If Metro gets beyond its new 2020 target of 80 per cent diversion and doesn’t require as much disposal capacity, he said, the Burnaby waste-to-energy plant would be gradually decommissioned.

It has three burners and streams feeding them that each process about 90,000 tonnes of waste per year.

“We would slowly take those offline,” Moore said.

He cautioned Metro’s estimates of 1.3 million tonnes still requiring disposal in the future is based on the region hitting all its diversion targets, including the short-term commitment of recycling 70 per cent by 2015, up from 55 per cent now.

That will depend on aggressive new recycling efforts, tightened disposal bans and region-wide composting of food waste.

The new waste-to-energy plant would take the 500,000 tonnes per year Metro now sends to the Cache Creek landfill.

Another 500,000 tonnes goes to the Vancouver Landfill in Delta, while close to 280,000 tonnes goes to the Burnaby incinerator.

Metro previously committed to stop trucking its garbage to Cache Creek, although continued landfilling remains a backup option in the new plan.

Moore said there are plans to decrease use of the Vancouver Landfill over the long term, but noted some landfill capacity is needed as a contingency and to take ash from incinerated garbage.

Just Posted

FVRD surveyed public opinion on cannabis production and processing in the electoral areas. Odour and distance from residential areas were the top concerns. (Black Press file)
Cannabis production and processing rules being drafted by Fraser Valley Regional District

Data from public opinion survey will be used to guide cannabis-related land use

Robert Nelson, 35, died after being stabbed at a homeless camp in Abbotsford on April 7 of this year.
Mom pleads for information about son’s killing at Abbotsford homeless camp

Robert Nelson, 35, described as ‘man who stood for justice, honour, respect’

Police arrest the suspect in an attempted armed bank robbery on June 2 at the Scotiabank at Gladwin Road and South Fraser Way in Abbotsford. (Photo by Garry Amyot)
Abbotsford bank robbery suspect who was stopped by customers faces more charges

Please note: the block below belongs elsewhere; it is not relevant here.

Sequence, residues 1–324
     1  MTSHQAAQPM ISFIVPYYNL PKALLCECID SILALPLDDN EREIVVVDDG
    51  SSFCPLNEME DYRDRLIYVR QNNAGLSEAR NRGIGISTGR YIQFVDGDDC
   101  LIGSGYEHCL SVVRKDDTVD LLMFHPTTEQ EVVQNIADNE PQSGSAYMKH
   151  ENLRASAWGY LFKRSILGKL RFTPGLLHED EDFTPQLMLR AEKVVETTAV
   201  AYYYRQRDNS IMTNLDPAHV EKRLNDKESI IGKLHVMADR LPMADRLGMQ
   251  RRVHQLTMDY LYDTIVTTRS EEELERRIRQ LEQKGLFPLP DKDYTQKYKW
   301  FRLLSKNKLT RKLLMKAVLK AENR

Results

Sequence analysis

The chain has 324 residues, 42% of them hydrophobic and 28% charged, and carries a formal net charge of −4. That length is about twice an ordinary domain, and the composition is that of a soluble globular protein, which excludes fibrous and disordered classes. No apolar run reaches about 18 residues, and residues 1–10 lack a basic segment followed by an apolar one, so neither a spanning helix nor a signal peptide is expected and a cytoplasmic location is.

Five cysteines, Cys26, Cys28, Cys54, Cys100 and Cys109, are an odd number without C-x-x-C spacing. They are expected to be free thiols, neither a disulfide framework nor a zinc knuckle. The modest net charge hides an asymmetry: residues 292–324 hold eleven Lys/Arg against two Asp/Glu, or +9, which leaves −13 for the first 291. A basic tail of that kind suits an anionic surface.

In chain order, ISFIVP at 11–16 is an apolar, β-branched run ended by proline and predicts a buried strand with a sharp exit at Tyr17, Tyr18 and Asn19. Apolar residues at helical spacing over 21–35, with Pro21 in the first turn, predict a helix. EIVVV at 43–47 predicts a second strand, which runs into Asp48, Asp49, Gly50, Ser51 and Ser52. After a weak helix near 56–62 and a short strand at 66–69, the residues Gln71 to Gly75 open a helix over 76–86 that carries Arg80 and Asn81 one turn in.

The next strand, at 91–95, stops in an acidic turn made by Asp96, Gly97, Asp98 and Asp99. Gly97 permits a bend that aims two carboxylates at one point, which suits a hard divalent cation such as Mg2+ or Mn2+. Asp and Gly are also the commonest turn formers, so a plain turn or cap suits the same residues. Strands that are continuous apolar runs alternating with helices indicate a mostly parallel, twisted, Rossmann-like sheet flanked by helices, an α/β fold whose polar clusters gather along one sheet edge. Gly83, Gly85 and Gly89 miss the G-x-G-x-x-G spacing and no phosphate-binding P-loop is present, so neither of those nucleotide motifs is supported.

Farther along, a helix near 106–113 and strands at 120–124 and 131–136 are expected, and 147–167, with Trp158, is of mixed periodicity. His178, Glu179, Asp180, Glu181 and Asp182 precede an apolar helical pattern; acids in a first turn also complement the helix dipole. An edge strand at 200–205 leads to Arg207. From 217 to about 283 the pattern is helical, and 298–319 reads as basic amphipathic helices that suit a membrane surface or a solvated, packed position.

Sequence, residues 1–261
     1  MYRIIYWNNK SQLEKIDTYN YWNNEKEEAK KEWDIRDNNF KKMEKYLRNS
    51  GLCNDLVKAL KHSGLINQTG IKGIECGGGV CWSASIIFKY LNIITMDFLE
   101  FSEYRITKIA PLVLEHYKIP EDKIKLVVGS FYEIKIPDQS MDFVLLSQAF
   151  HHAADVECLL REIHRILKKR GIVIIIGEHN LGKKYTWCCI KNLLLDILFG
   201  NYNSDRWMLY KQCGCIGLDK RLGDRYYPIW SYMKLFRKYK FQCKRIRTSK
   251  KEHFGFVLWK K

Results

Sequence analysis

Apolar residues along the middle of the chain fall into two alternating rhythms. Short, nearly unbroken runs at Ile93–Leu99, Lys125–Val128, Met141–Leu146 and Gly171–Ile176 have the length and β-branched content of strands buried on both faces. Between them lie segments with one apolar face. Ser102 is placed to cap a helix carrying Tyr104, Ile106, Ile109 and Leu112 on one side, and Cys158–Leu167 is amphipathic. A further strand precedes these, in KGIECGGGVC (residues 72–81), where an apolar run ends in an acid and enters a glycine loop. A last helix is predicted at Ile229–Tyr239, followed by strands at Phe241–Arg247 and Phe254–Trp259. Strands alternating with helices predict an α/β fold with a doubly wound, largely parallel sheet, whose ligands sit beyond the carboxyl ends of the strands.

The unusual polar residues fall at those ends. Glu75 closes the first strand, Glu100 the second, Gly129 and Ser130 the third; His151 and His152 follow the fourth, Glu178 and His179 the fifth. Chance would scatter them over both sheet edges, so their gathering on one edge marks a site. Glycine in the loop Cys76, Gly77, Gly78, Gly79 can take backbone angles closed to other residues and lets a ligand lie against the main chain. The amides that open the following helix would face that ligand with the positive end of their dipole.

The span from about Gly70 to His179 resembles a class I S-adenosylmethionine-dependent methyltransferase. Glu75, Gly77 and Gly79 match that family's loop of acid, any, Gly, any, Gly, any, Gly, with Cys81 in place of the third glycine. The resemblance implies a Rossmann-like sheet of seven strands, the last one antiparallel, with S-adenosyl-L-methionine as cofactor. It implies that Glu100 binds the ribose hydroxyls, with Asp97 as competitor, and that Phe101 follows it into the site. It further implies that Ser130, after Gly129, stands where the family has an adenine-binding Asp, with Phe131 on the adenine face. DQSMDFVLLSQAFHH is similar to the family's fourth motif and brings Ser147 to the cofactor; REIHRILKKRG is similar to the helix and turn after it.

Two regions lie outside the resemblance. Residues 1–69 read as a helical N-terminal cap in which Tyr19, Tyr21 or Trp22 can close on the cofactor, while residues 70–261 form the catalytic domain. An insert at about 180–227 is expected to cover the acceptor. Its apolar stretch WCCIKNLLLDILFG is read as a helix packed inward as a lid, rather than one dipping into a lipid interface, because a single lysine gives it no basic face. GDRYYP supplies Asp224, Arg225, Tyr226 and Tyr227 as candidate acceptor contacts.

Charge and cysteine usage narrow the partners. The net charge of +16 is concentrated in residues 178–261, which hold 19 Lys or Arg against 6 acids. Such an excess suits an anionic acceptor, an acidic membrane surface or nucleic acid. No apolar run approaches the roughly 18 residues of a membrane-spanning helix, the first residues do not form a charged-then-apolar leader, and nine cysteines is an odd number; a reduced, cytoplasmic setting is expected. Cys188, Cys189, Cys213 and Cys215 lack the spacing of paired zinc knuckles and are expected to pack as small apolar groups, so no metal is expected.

Neil Simpson now faces total of eight charges, up from the initial two

poster
Drop-in Covid vaccine clinic in Mission June 17-18

Neighbourhood clinics complement appointment-based clinics currently operating in Mission

Logo
Canadian Blood Service is adding additional donor clinics in Mission

New Sunday clinics begin June 20, donors can register online

Canadian Prime Minister Justin Trudeau participates in a plenary session at the G7 Summit in Carbis Bay, England on Friday June 11, 2021. THE CANADIAN PRESS/Adrian Wyld
Canada donating 13M surplus COVID-19 vaccine doses to poor countries

Trudeau says the government will pay for 87 million shots to be distributed to poor countries

Montreal Canadiens goaltender Carey Price (31) is scored on by Vegas Golden Knights defenseman Alec Martinez, not pictured, during the second period in Game 1 of an NHL hockey Stanley Cup semifinal playoff series Monday, June 14, 2021, in Las Vegas. (AP Photo/John Locher)
Habs fall 4-1 to Vegas Golden Knights in Game 1 of NHL semifinal series

Match was Montreal’s first game outside of Canada in 2021

Kelowna-Lake Country MLA Norm Letnick, assistant deputy speaker at the B.C. legislature, presides over committee discussions. The legislature is completing its delayed spring session this week, with most MLAs participating by video conference. (Hansard TV)
B.C.’s daily COVID-19 infections dip below 100 over weekend

Only 68 new cases recorded Monday, four additional deaths

The BC Ferries website went down for a short while Monday morning following a provincial announcement that recreational travel between health authorities can resume Tuesday. (Black Press Media file photo)
BC Ferries’ website crashes in wake of provincial reopening announcement

Website back up now, recreational travel between health regions to resume as of Tuesday

The Kamloops Indian Residential School is photographed using a drone in Kamloops, B.C., Monday, June, 14, 2021. The remains of 215 children were discovered buried near the former school earlier this month. THE CANADIAN PRESS/Jonathan Hayward
Communities grapple with what to do with former residential and day schools

Some tear them down as a tool to help healing, others repurpose them as tools for moving forward

FILE – Provincial health officer Dr. Bonnie Henry talks about B.C.’s plan to restart the province during a press conference at Legislature in Victoria, Tuesday, May 25, 2021. THE CANADIAN PRESS/Chad Hipolito
B.C. watching U.K.’s COVID struggles but don’t think province will see similar pitfalls

Studies show that one dose of vaccine is only 33 per cent effective in preventing B.1.617.2 spread

RCMP Const. Shelby Patton is shown in this undated handout photo. RCMP say that Patton was hit by an allegedly stolen truck that he had pulled over on Saturday morning in Wolseley, east of Regina. THE CANADIAN PRESS/HO, RCMP
Pair charged in Saskatchewan Mountie’s death make first court appearance

Const. Shelby Patton was hit by an allegedly stolen truck that he had pulled over Saturday morning

David and Collet Stephan leave for a break during an appeal hearing in Calgary on Thursday, March 9, 2017. THE CANADIAN PRESS/Todd Korol
Appeal Court rejects stay for Alberta couple facing third trial in son’s death

Pair accused in their earlier trials of not seeking medical attention for their son sooner

Highway notices like this come down effective June 14. Public health restrictions on non-essential travel and commercial operation have hit local businesses in every corner of B.C. (B.C. government)
Province-wide travel back on in B.C.’s COVID-19 restart plan

Gathering changes include up to 50 people for outdoor events

Most Read